“The Boss Baby,” Tom McGrath, Ramsey Ann Naito (No. Read the book.)
“The Breadwinner,” Nora Twomey, Anthony Leo
“Coco,” Lee Unkrich, Darla K. Anderson
“Ferdinand,” Carlos Saldanha
“Loving Vincent,” Dorota Kobiela, Hugh Welchman, Sean Bobbitt, Ivan Mactaggart, Hugh Welchman (I suspect this one wins.)

Can we just start nominating the CGI-heavy Marvel movies for this category? They’re damned close…and what, no Monster Trucks!?! (Who thought that was even a good title, much less an idea?) The obvious one missing here is The Lego Batman Movie, which did all of the Batman themes better than the live action movies . It shouldn’t win, but it should have been nominated, especially over Boss Baby.

Animated Short:

“Dear Basketball,” Glen Keane, Kobe Bryant
“Garden Party,” Victor Caire, Gabriel Grapperon
“Lou,” Dave Mullins, Dana Murray
“Negative Space,” Max Porter, Ru Kuwahata
“Revolting Rhymes,” Jakob Schuh, Jan Lachauer

I have not seen any of these, so I can’t opine.

Adapted Screenplay:

“Call Me by Your Name,” James Ivory (Another win, just because of the material.)
“The Disaster Artist,” Scott Neustadter & Michael H. Weber
“Logan,” Scott Frank & James Mangold and Michael Green (This should win. It won’t.)
“Molly’s Game,” Aaron Sorkin
“Mudbound,” Virgil Williams and Dee Rees

What should have been nominated: Geof Johns and Allan Heinberg for Wonder Woman. That men wrote women that well — they should get a nomination but not a win.

Original Screenplay:

“The Big Sick,” Emily V. Gordon & Kumail Nanjiani
“Get Out,” Jordan Peele (He should win. Period.)
“Lady Bird,” Greta Gerwig
“The Shape of Water,” Guillermo del Toro, Vanessa Taylor (The story is awful, the villain is cliche, so no — he shouldn’t win.)
“Three Billboards Outside Ebbing, Missouri,” Martin McDonagh (McDonagh’s a great writer with a fantastic ear for language. It should probably be between him and Peele this year.)

The other screenplay should be here is Taylor Sheridan’s Wind River. Seriously, see it. And Hell or High Water, which is even better.


“Blade Runner 2049,” Roger Deakins (This should win, hands down. It won’t.)
“Darkest Hour,” Bruno Delbonnel
“Dunkirk,” Hoyte van Hoytema
“Mudbound,” Rachel Morrison
“The Shape of Water,” Dan Laustsen (This is the winner.)

Best Documentary Feature:

Best Documentary Short Subject:

“Edith+Eddie,” Laura Checkoway, Thomas Lee Wright
“Heaven is a Traffic Jam on the 405,” Frank Stiefel
“Heroin(e),” Elaine McMillion Sheldon, Kerrin Sheldon
“Knife Skills,” Thomas Lennon
“Traffic Stop,” Kate Davis, David Heilbroner

Haven’t seen any of these, so no opinion.

Best Live Action Short Film:

“DeKalb Elementary,” Reed Van Dyk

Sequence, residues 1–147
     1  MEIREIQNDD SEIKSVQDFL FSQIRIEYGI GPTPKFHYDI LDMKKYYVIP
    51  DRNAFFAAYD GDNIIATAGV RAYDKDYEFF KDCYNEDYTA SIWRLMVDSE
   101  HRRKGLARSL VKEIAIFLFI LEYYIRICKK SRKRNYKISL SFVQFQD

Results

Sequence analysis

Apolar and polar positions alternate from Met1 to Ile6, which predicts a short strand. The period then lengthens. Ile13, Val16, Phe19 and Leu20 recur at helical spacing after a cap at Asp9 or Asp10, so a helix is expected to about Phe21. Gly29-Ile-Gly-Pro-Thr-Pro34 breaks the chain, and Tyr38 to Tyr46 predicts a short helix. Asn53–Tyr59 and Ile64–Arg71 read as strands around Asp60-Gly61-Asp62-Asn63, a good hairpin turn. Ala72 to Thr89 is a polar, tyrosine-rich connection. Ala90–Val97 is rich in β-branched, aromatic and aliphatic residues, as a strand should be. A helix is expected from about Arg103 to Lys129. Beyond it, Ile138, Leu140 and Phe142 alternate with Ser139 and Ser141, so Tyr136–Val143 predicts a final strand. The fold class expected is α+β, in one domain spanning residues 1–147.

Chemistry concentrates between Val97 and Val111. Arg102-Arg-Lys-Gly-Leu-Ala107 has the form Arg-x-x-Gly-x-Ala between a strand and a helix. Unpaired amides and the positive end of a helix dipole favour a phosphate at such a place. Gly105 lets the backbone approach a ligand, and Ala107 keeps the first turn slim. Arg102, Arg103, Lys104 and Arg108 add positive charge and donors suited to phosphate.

“The Eleven O’Clock,” Derin Seale, Josh Lawson
“My Nephew Emmett,” Kevin Wilson, Jr.
“The Silent Child,” Chris Overton, Rachel Shenton
“Watu Wote/All of Us,” Katja Benrath, Tobias Rosen

Haven’t seen any, no opinion.

Best Foreign Language Film:

“A Fantastic Woman” (Chile)
“The Insult” (Lebanon)
“Loveless” (Russia)
“On Body and Soul (Hungary)
“The Square” (Sweden)

Haven’t seen any of these, no opinion. I have a friend who suggests Dunkirk should have been in this category for the impenetrable (to him) English and Scottish accents.

Film Editing:

“Baby Driver,” Jonathan Amos, Paul Machliss (This should win, but won’t.)
“Dunkirk,” Lee Smith (I think this is a possible win.)
“I, Tonya,” Tatiana S. Riegel
“The Shape of Water,” Sidney Wolinsky (I suspect this wins.)
“Three Billboards Outside Ebbing, Missouri,” Jon Gregory

Sound Editing:

“Baby Driver,” Julian Slater
“Blade Runner 2049,” Mark Mangini, Theo Green (It should be between this and Dunkrik.)
“Dunkirk,” Alex Gibson, Richard King (This should be the winner.)
“The Shape of Water,” Nathan Robitaille, Nelson Ferreira
“Star Wars: The Last Jedi,” Ren Klyce, Matthew Wood

This is actually one I have a strong opinion on. Dunkirk makes brilliant use of sound. The gunfire is piercingly loud and realistic (except for the scene in the boat, where it’s too loud; the gunshots would be muffled, with the sound of the bullets coming through the metal being more pronounced.) The music and sound all work together to continually ratchet up the tension. This movie is a masterpiece of how to use sound and music.

Sound Mixing:

“Baby Driver,” Mary H. Ellis, Julian Slater, Tim Cavagin
“Blade Runner 2049,” Mac Ruth, Ron Bartlett, Doug Hephill
“Dunkirk,” Mark Weingarten, Gregg Landaker, Gary A. Rizzo (I suspect this wins…and should.)
“The Shape of Water,” Glen Gauthier, Christian Cooke, Brad Zoern
“Star Wars: The Last Jedi,” Stuart Wilson, Ren Klyce, David Parker, Michael Semanick

Production Design:

“Beauty and the Beast,” Sarah Greenwood; Katie Spencer
“Blade Runner 2049,” Dennis Gassner, Alessandra Querzola (This should be far and away the winner. It won’t be.)
“Darkest Hour,” Sarah Greenwood, Katie Spencer
“Dunkirk,” Nathan Crowley, Gary Fettis
“The Shape of Water,” Paul D. Austerberry, Jeffrey A. Melvin, Shane Vieau (Wins.)

One that got shafted here was Ghost in the Shell, which might not have been a success, but had amazing design work on par with Blade Runner 2049.

Original Score: